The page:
Ash Carter, who served as defence secretary during the final two years of the Obama administration and removed a ban on transgender people serving in the military, died at the age of 68.

Carter died on Tuesday after having a heart attack on Monday night, according to a statement from Harvard University’s Kennedy School Dean Douglas Elmendorf. The Belfer Center for Science and International Affairs at the university had been directed by Carter.

Also read: Ash Carter, former US defense secretary, dies aged 68

Who was Ash Carter?

Ashton Baldwin Carter was born in Philadelphia, Pennsylvania on September 24, 1954. William Stanley Carter Jr., his father, was the department chairman at Abington Memorial Hospital for 30 years. He was a World War II veteran, Navy neurologist, and psychiatrist.

He has an English teacher for a mother named Anne Baldwin Carter. Children’s book author Cynthia DeFelice is one of his three siblings. He was referred to as Ash and Stoobie when he was younger.

Carter was raised in Abington, Pennsylvania, on Wheatsheaf Lane. He lost his first job at the age of 11 at a car wash in Philadelphia because he was “wise-mouthing the owner.”

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From February 2015 to January 2017, Ashton Baldwin Carter, a military-civilian American figure, held the position of 25th secretary of defence. Later, he directed the Harvard Kennedy School’s Belfer Center for Science & International Affairs.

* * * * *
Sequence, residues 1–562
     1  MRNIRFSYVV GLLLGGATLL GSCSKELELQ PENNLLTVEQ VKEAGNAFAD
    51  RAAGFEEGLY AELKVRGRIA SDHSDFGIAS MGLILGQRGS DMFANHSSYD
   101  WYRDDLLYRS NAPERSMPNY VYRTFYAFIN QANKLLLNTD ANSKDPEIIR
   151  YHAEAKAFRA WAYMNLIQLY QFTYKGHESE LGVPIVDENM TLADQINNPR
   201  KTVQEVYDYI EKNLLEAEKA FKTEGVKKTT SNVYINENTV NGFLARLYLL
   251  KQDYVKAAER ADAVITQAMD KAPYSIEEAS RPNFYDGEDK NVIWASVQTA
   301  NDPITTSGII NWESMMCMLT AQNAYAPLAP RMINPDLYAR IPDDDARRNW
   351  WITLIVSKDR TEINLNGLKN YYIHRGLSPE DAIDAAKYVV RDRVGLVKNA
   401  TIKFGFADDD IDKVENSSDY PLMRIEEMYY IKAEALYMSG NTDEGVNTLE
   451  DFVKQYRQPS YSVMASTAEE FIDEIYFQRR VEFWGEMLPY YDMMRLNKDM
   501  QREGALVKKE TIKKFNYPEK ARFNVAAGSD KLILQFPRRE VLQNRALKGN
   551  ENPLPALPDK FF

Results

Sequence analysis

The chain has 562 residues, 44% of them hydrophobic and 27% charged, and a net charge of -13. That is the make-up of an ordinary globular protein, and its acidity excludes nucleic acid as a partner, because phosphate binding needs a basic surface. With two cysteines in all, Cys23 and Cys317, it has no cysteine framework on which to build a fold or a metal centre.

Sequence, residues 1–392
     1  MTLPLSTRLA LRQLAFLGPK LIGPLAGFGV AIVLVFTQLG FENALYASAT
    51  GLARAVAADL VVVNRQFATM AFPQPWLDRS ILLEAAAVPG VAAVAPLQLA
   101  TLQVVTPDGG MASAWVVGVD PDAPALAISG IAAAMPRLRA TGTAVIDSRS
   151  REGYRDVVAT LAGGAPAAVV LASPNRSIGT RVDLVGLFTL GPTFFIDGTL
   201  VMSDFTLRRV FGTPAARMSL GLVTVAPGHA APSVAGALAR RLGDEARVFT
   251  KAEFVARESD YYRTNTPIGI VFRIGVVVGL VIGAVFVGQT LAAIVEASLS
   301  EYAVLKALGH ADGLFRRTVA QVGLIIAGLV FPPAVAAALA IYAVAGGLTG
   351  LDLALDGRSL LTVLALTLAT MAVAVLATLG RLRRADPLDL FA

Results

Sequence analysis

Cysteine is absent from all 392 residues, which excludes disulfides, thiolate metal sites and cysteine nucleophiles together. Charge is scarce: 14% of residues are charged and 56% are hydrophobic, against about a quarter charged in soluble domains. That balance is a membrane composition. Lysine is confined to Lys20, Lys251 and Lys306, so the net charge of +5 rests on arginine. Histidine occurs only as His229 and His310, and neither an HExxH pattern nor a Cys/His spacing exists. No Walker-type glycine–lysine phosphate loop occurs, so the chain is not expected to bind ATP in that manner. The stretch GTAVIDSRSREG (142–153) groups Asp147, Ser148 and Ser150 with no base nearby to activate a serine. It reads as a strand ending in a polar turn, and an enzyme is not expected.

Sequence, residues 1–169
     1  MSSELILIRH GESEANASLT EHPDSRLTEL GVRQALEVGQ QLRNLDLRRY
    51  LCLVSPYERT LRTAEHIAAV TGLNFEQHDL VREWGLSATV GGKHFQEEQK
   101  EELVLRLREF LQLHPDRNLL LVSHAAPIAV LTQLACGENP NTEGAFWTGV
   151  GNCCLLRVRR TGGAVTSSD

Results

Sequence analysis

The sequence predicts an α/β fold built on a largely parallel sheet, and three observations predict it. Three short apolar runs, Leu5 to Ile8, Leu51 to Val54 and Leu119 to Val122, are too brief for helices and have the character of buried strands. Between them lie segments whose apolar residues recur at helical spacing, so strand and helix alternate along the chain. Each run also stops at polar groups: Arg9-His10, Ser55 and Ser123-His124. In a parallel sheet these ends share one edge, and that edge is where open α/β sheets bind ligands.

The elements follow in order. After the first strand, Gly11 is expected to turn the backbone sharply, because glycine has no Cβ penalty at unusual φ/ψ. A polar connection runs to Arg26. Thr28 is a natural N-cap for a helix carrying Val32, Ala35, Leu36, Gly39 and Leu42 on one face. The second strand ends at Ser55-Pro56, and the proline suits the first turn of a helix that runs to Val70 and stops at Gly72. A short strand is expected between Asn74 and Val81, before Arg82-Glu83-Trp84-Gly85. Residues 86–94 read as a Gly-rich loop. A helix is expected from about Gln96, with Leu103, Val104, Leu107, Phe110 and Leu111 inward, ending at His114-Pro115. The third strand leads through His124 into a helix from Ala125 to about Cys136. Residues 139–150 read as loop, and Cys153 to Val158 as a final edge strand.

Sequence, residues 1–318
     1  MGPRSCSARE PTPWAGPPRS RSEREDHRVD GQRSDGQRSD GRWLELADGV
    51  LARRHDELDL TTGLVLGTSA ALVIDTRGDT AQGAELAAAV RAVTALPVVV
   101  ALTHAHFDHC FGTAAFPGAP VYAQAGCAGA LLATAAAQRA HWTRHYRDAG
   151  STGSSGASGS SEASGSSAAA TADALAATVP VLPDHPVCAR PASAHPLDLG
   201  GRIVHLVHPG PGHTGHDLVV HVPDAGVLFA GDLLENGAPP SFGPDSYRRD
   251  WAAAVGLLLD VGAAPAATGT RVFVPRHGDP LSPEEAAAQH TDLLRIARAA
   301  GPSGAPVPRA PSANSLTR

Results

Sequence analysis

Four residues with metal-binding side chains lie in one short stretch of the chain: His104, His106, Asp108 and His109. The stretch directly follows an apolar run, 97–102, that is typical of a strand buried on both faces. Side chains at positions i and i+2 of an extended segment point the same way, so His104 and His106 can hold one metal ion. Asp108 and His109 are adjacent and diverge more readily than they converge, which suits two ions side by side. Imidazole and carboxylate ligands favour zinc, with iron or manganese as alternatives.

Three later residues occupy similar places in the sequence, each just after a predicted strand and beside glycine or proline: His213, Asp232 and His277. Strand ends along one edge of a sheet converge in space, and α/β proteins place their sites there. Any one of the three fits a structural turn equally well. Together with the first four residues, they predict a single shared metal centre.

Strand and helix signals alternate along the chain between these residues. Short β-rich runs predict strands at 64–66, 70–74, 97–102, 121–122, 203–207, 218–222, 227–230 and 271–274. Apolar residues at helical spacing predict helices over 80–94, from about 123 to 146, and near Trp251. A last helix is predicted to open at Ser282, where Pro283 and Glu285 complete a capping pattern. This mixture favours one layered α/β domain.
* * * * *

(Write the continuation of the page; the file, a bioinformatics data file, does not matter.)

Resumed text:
Carter started off as a physicist. He switched careers to public policy after a brief stint working as an analyst for the Congressional Office of Technology Assessment. In 1984, he enrolled at Harvard University’s Kennedy School of Government, where he later rose to the position of faculty chair for international and global affairs.

Carter held the position of Assistant Secretary of Defense for International Security Strategy throughout President Clinton’s first administration, overseeing nuclear weapons, strategic affairs, and policy toward the former Soviet states, from 1993 to 1996.

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Initially serving as the Under Secretary of Defense for Acquisition, Technology, and Logistics during President Obama’s first term, he later assumed the position of Deputy Secretary of Defense until December 2013.

He succeeded Chuck Hagel as defence secretary in February 2015, holding the position through the end of the Obama administration. His ending of the ban on transgender military officers, which was in existence for just one year before the Trump administration reintroduced it, was a landmark action during his time at the department. In 2016, Carter granted women equal access to all military jobs and positions.

For the first time in American history, women who meet the necessary requirements would be permitted to serve in military branches that had previously only been accessible to men, such as infantry, armour, reconnaissance, and select special operations groups.

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Carter received the DOD Distinguished Public Service Medal five times in recognition of his contributions to national security. For his contributions to intelligence, he had also been given the Defense Intelligence Medal and the CJCS Joint Distinguished Civilian Service Award. In addition to writing more than 100 papers on management, physics, technology, and national security, Carter was the author or co-author of 11 books.

Stephanie (DeLeeuw) Carter was Carter’s second wife. He had two children, Ava and Will, with Clayton Spencer, the ninth president of Bates College, with whom he had previously been married.

At the age of 68, Carter died from a heart attack at his Boston home on October 24, 2022.